“The RETC conference discussed many big challenges facing the tunnel industry,” said Oginski. “Many underground projects are becoming more complex and more demanding on designers, contractors and owners. Intense technical knowledge and vast experience is now required from the professional in this field. The projects require people from various fields, not only with strict technical and engineering background but financial, legal, risk management, medical, safety, public relations and knowledge of various outside organizations, both public and private, that may impact the way a project is delivered, designed or constructed. This year’s RETC conference brought together owners, contractors, designers, suppliers and consultants who could meet and exchange ideas that are typically not discussed in another setting.”
In addition to the technical sessions, RETC included an exhibit hall with 183 vendors in 209 booths showcasing the latest and greatest technologies. There were also a number of networking functions such as the Owners Forum, Women in Tunneling breakfast, UCA scholarship and mentor program and the Teach the Professors program.
The welcome luncheon included a presentation that focused on the lessons the Massachusetts Water Resources Authority (MWRA) has learned from decades of tunneling projects in the greater Boston area. Fred Laskey, executive director of MWRA, credited the area’s tunnels with creating some of the best and cleanest water and urban beaches in the United States. The water and the pristine conditions currently found in Boston were not always so clean, according to Laskey, who said the city was “built with its back to the harbor because of the pollution that once existed.”
Commitment to infrastructure projects including more than 100 miles of water tunnels helped change that. Now, the MWRA serves 3.1 million people and provides an average of 200 million gallons of clean water to residents per day.
Winston Churchill said in a 1948 speech, “Those who fail to learn from history are doomed to repeat it.” Kathy Murtagh, director of tunnel redundancy at MWRA, spoke about the lessons the MWRA has learned from its decades of building tunnels so that mistakes of the past will not be repeated in projects of the future that are part of ongoing designs of its next deep-rock tunneling project, the Metropolitan Water Tunnel Program (MWTP). Focusing on a handful of tunnels including City Tunnel, Malden, Dorchester Tunnel, Inter Island Tunnel and Braintree West, Murtagh gave a presentation that was part history lesson and part planning for the future.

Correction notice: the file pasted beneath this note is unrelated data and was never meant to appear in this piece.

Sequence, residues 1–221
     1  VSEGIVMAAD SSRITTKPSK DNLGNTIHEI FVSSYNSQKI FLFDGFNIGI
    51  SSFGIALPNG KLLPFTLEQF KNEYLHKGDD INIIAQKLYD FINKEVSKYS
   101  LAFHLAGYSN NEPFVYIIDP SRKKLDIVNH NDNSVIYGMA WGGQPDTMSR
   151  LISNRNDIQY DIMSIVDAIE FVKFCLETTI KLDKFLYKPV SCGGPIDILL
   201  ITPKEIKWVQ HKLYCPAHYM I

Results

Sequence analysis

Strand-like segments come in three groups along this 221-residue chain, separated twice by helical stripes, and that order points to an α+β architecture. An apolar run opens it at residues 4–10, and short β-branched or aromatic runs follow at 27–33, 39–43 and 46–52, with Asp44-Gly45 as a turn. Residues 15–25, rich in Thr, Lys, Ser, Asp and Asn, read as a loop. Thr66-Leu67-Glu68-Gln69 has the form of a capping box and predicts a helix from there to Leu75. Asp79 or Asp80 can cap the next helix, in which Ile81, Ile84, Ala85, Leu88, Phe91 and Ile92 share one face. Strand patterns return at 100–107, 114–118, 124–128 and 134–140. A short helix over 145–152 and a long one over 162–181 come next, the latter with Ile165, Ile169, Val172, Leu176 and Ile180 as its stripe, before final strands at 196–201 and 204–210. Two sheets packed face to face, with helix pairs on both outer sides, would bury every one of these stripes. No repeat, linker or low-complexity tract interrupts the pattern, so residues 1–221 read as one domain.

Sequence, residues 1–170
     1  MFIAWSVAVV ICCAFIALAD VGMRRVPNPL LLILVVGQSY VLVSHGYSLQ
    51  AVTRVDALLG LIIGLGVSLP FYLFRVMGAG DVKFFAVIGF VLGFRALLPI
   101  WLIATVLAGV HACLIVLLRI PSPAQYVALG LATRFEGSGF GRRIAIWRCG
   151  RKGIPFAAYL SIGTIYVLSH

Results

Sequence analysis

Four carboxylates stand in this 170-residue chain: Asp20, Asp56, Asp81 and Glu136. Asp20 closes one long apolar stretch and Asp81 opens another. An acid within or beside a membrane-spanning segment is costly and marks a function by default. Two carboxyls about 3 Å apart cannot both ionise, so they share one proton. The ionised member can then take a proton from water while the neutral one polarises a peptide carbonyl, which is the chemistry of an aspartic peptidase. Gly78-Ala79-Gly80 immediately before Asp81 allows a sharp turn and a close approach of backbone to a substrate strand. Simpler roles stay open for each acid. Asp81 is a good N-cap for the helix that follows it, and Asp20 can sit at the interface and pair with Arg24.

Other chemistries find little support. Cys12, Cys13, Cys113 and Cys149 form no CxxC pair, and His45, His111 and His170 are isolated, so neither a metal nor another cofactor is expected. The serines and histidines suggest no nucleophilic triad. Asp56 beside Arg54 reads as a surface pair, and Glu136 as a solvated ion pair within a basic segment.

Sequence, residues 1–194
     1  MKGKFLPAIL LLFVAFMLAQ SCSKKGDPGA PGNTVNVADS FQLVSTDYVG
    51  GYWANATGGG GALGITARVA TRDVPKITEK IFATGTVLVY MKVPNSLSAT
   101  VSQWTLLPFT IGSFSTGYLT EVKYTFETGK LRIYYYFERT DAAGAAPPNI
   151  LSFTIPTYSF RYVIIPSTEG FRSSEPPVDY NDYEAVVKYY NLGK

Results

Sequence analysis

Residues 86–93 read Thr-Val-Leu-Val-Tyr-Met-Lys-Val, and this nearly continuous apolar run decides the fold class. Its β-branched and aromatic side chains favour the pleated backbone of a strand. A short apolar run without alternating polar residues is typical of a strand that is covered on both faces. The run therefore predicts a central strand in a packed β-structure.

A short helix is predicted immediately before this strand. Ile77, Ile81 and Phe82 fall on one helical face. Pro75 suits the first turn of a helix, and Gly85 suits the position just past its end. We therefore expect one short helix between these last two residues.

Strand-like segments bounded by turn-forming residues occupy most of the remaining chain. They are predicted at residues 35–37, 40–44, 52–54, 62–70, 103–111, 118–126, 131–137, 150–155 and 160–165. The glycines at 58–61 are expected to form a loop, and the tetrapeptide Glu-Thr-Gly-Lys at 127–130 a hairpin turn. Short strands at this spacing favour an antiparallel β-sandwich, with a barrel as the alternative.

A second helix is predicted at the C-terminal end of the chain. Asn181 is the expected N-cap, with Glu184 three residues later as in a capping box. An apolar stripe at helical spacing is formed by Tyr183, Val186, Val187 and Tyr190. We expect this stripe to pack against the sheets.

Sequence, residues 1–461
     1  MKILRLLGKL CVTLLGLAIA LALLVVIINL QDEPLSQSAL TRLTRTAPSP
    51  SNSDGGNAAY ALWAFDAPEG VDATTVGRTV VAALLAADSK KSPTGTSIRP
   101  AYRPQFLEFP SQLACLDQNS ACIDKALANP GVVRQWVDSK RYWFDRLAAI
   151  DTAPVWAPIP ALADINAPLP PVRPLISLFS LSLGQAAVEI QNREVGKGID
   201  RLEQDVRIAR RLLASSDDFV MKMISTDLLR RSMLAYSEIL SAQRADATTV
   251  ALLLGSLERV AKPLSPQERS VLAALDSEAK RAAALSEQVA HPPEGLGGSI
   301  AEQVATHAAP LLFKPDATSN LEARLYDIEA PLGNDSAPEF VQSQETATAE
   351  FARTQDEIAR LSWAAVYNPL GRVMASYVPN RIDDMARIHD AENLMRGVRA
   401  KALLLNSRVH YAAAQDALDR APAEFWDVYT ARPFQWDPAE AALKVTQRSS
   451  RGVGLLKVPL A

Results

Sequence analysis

Because of past projects, the MWRA has learned how to tunnel through various ground conditions and fault lines. The MWTP will be built in the same conditions and cross the same fault lines. Among the lessons, Murtagh noted that a lining failure on the Dorchester tunnel that took six years to fix has had a heavy influence on future work, as did a fire at the Inter Island project.
Among the lessons learned are:

Superiority of tunneling versus cut and cover.
Optimize tunnel heading lengths to balance multiple considerations and risks.
Investigate faults early.
Tunneling in the Argillite can be very variable.
Don’t expect to speed.
Plan for water.
Select shaft sites carefully.
Maintain good relationships with host communities/neighborhoods.
Previous experience serves as an important risk-mitigation tool.

In additon to programing focused on technical challenges, RETC included sessions and networking opportunities to address the workforce issue in the industry.
“Given the ever-changing and more demanding tunneling industry, the workforce is having a hard time keeping up,” Oginski said. “There is a vast shortage of skilled people on almost every level, from managers, engineers, experienced supervision and quality-control staff to tunnel workers, laborers, equipment operators and safety professionals.
“The RETC conference promotes the industry on many different levels and encourages the next generation of students to choose work and study relating to the underground profession,” he said. “The RETC Committee awarded 12 conference scholarships this year for students interested in attending the tunneling conference. The committee also awarded six executive scholarships with financial assistance for students pursuing degrees related to underground construction. Furthermore, attending the conference gives participants of any level a sense of community that helps build personal relationships, advance collective knowledge and promote pride in being a part of this industry.”
The UCA will host the North American Tunneling (NAT) Conference in Nashville, TN June 23-26, 2024 and RETC will be held again in Dallas, TX in 2025. n